Wearing the Collar--Living this New Life

New Life in a Clergy Collar

   For most people, when thinking of the Deacon they picture them in their roles assisting or presiding at the Liturgy, or Offices (Morning and Evening Prayer, for instance).
   In reality, though, the Deacon's main concern is focused on the needs of the community, both inside and outside the Church. Deacons have a desire to bring the Kingdom of God into this world by searching for those who are lost or ignored and bringing them back into the community, whether it's the Church or society.
   How does one satiate this desire to expand God's Kingdom, however, when working a full-time job? This question has been the greatest challenge for me since I've been ordained, particularly since my job requires extensive travel.
   As I meditated on this inner tension between supporting my family and serving
as a Deacon in the world, I thought of Paul of Tarsus, the original traveling servant. 
   Paul supported himself working as an itinerant tent maker, and presumably needed to focus much of his time on his secular career, with only weekly times of Sabbath open to spreading the Good News. Perhaps he collected some followers in his day-to-day activities, like going to the shoreline to wash or dye some fabric.
   As I thought about this more, I wondered how I might encounter people along the way. I realized that I had opportunities while I was traveling to perhaps bring some light or calmness to the people I encountered. I decided I would make myself available to people while wearing my clergy shirt and collar.
   My first efforts at this were in the weeks leading up to Christmas 2018. I had numerous flights between Seattle and San Francisco, and drives along Interstate 5 in Oregon and California. 
   The first challenge for me was not to isolate myself, as many of us do, by being focused on technology like smart phones and devices, or closed off with headphones and earbuds. By being focused outward, rather than inward, I encountered interesting reactions from fellow travelers. 
   Some would see me and quickly glance away. I wondered whether it was pain from a past encounter of clergy (how often we've heard of this in today's world!), or just an automatic response of rejection or isolation.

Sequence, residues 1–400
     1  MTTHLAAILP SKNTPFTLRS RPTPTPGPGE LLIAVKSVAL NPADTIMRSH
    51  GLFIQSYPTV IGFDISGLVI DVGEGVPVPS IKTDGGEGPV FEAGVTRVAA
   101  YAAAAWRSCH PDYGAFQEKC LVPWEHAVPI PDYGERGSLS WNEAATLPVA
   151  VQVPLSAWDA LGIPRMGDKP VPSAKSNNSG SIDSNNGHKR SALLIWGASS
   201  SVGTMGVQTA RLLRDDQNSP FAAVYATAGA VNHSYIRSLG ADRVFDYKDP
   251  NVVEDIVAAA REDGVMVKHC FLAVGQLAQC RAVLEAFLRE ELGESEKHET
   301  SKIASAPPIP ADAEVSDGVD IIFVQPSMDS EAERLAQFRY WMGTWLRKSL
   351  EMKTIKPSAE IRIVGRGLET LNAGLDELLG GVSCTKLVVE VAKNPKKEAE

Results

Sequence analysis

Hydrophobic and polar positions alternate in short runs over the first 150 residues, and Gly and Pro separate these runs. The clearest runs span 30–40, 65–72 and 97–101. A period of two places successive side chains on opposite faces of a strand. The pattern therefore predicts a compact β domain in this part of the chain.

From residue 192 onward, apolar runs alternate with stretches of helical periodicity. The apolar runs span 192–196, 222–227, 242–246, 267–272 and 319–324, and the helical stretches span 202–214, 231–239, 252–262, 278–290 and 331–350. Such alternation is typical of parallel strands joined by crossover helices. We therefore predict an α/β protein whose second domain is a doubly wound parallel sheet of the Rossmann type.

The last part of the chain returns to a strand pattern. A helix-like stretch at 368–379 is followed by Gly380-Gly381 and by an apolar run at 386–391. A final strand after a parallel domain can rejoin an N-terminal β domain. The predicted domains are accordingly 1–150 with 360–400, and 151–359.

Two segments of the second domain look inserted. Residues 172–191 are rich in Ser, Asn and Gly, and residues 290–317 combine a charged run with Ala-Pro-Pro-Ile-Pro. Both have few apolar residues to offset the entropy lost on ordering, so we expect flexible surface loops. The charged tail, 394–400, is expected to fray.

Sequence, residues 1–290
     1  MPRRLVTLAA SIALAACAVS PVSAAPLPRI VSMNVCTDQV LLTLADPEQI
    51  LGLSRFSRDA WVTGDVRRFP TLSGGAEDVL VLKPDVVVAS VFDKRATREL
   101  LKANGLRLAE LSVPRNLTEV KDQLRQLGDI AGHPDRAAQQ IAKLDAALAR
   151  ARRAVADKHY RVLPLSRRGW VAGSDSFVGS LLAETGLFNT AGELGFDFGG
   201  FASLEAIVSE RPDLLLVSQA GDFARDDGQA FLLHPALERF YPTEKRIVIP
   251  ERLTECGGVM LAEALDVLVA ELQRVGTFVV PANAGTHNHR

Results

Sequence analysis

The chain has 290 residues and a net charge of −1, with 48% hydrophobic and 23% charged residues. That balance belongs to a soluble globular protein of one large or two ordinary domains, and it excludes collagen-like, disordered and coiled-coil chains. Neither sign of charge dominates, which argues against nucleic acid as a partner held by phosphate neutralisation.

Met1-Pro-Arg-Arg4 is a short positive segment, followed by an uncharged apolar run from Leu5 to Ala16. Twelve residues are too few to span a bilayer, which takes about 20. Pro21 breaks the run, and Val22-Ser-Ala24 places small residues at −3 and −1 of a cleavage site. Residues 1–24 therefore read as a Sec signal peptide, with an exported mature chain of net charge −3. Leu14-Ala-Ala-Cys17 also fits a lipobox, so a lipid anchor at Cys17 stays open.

Some people nodded and smiled as they continued on, while others stopped to have a conversation. During the Holiday Season many people who are unaccustomed to airports and the ensuing crowds find this part of the Season to be nerve-wracking. They seemed to relax by just having someone to talk to, even when it isn't an overtly religious conversation. A smile and an open ear can go a long way to sharing a calm peace between strangers.
   At one point I was sitting near my gate when a group of young adults (20-somethings) came along, and I moved over to give them space to sit together. When one of their waylaid members came walking up some minutes later looking at a clergy person sitting next to their group of friends, one of their friends piped up with "We were waiting for you to catch up before we started the service" and we all had a good chuckle. 
   It is in these brief encounters of socialization that one can find the mysterious sharing of the Spirit. Jesus said "Where two or more are gathered in my name, I am there." Bursts of the Kingdom's Light springs from a loving sharing between people.
   As I travel along the Way, I also have come to notice those who also wear their faith--women with hijabs, religious sisters with their habits, turbans worn by those of Hindu or Islamic faith, or hats or yarmulkes worn by those of the Jewish faith. All have one thing in common: a deeply held conviction of their own faith with a desire to live their lives within that faith.
   Wearing religious garb as you're out in the world makes you constantly examine how you are living and behaving. What would people think of a clergy person driving unsafely? Imagine a nun cutting a person off at the supermarket checkout. How would you react?

 A funny thing happens as you wear the clothing of your faith: that inner calm that you hold within your prayer life leaks into the world as you live it. Being stuck in traffic becomes an opportunity to meditate, or take a minute to appreciate the world around you. Desiring to live with an open heart to God leaves you open to consider the brokenness of the world around you. 
   As we live our lives, Christians pray "May your Kingdom Come, and your will be done on Earth (like it is in heaven)". Living your faith, even without religious garb, opens this world to God's love. In essence, you become part of the Light of God's Kingdom. May you be blessed by God as you travel carrying that Light. Amen!

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